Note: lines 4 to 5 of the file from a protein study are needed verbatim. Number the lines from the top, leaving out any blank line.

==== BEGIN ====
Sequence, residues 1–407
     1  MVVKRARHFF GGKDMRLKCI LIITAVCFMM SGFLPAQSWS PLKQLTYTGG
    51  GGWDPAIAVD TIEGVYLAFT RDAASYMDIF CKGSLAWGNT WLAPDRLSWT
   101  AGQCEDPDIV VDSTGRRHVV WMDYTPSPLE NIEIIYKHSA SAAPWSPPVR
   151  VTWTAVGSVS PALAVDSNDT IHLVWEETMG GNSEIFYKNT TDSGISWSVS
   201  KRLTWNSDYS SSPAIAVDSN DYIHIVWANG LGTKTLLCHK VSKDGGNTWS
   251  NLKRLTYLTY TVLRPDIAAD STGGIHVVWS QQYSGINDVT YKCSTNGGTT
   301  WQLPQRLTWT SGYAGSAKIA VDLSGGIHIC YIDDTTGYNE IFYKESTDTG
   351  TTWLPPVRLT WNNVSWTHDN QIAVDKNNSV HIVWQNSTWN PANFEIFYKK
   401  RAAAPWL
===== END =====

   101  AGQCEDPDIV VDSTGRRHVV WMDYTPSPLE NIEIIYKHSA SAAPWSPPVR
   151  VTWTAVGSVS PALAVDSNDT IHLVWEETMG GNSEIFYKNT TDSGISWSVS